• Option 1: an entity is formed, and government financially support Girlguiding so that risk assurance can be provided to Girlguiding’s trustees via appropriate staff.
  • Option 2: An agreement whereby the risk is mitigated and carried by government and Girlguiding provides the materials girls are familiar with eg badges, programme, uniform, policies.

Sale of the activity centres

In May 2023, Girlguiding’s board of trustees made the recommendation to sell its 5 UKowned activity centres - Blackland Farm (Sussex), Foxlease (Hampshire), Glenbrook (Peak District), Waddow Hall (Lancashire) and Ynysgain (North Wales). We held a consultation with affected staff and the trustees have subsequently decided to proceed with the sale.

Why was this decision made?

There has been historic underinvestment in the activity centres due to financial pressures and they have been running at a loss for some years, despite successful efforts to generate more business from different markets. The centres would need significant funding of over £20m in the coming years to be fit for future use and regrettably, we cannot afford this level of investment. Furthermore, the activity centres have been used by less than 10% of our membership each year for the past decade.

Government funding

Girlguiding does not receive any core recurring revenue funding from government. We rely on member subscriptions, grants, a small amount of investment income and fundraising. We currently receive some limited grant funding from the DCMS Uniformed Youth Fund, which is restricted to our work to tackle waiting lists for 11-18-year-olds. The 5 Girlguiding UK-owned activity centres were not eligible for funding from the DCMS Youth Investment Fund, due to the geographic locations.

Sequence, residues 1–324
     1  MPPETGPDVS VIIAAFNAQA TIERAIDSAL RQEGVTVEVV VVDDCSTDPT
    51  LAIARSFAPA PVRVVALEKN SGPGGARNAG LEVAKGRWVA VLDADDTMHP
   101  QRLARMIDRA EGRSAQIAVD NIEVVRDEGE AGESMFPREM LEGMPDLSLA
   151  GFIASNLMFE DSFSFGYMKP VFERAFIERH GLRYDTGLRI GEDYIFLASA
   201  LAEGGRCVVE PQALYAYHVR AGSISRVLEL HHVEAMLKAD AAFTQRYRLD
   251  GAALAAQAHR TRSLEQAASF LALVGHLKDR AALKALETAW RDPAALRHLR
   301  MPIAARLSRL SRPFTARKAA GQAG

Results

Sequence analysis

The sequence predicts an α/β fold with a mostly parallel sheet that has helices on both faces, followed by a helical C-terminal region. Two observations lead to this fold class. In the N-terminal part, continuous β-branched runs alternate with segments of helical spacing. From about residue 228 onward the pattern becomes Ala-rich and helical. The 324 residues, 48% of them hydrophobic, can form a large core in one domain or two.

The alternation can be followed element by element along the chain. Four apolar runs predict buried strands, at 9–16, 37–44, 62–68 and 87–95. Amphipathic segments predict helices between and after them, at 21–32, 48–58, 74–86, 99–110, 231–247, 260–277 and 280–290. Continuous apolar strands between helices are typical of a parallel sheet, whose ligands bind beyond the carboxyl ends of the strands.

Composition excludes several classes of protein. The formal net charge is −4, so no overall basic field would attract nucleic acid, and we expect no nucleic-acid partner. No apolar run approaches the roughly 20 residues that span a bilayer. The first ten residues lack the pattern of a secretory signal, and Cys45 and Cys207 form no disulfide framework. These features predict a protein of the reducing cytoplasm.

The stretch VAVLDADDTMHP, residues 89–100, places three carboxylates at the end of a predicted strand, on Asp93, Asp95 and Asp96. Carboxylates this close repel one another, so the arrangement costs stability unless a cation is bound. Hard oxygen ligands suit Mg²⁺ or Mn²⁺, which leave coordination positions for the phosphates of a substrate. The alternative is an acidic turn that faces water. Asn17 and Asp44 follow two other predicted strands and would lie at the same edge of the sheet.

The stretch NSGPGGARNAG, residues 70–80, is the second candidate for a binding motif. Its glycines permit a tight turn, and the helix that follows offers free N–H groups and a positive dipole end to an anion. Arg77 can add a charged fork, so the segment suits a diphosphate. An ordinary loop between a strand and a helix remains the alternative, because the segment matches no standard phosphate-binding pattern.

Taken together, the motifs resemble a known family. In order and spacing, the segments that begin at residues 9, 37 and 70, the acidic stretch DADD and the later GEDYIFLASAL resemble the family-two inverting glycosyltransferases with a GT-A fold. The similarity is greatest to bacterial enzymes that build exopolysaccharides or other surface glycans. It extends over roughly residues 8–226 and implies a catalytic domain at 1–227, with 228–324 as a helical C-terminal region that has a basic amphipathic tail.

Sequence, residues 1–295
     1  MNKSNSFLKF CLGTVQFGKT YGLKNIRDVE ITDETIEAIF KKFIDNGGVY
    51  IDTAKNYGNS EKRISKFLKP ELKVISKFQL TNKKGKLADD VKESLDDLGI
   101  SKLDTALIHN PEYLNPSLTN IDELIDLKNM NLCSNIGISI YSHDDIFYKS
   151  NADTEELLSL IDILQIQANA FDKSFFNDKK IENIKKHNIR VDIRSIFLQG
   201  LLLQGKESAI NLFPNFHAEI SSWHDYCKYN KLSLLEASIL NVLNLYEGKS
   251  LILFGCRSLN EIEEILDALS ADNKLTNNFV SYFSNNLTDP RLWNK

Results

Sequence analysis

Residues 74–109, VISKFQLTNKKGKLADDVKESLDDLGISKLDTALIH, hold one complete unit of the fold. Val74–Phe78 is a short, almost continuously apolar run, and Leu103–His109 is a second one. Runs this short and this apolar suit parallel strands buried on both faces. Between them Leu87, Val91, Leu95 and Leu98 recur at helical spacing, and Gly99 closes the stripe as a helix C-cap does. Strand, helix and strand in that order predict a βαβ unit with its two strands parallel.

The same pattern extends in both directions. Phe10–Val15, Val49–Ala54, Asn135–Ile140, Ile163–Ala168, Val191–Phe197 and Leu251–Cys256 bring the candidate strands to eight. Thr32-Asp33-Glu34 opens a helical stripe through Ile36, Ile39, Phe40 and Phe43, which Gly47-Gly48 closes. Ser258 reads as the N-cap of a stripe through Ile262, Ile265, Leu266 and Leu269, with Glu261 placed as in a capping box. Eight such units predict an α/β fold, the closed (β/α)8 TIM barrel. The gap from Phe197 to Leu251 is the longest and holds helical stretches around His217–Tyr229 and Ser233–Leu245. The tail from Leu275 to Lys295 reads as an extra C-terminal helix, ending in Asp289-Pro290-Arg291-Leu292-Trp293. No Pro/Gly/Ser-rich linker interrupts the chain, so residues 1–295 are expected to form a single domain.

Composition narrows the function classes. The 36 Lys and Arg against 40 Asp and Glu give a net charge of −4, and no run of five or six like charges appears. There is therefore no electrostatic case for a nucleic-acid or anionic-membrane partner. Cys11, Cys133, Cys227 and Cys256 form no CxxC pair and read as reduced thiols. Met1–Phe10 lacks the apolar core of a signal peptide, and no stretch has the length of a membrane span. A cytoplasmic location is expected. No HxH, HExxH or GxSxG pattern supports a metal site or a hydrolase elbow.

What’s next?

The next phase is preparing to sell the activity centres. The activity centres will remain operational until the end of 2023. As a charity, we are bound by charity law. An independent chartered surveyor will provide a report to confirm that the terms of sale are the best that can be reasonably obtained for the charity.

Girlguiding’s trustees will make the final decision on the terms of sale for each activity centre and will look to provide the best outcome for the charity. Funds from the sale of the activity centres will be put into a designated investment fund to support Girlguiding activities, adventure for girls and a range of purposes to invest in the future of Girlguiding.


Like many charities, Girlguiding has had to make difficult decisions in challenging times with limited resources, but it is always important to be focused on our core mission, vision and purpose. For over 100 years, Girlguiding has focused on what drives, challenges and excites girls and we remain committed to giving all girls opportunities. The Board of Trustees recently made two difficult decisions to ensure Girlguiding will continue for future generations.

Our research shows girls’ happiness is at an all-time low and we believe Girlguiding is never more needed. We welcome this debate as an opportunity to highlight the needs of girls and young people and discuss how Girlguiding and the government can support them.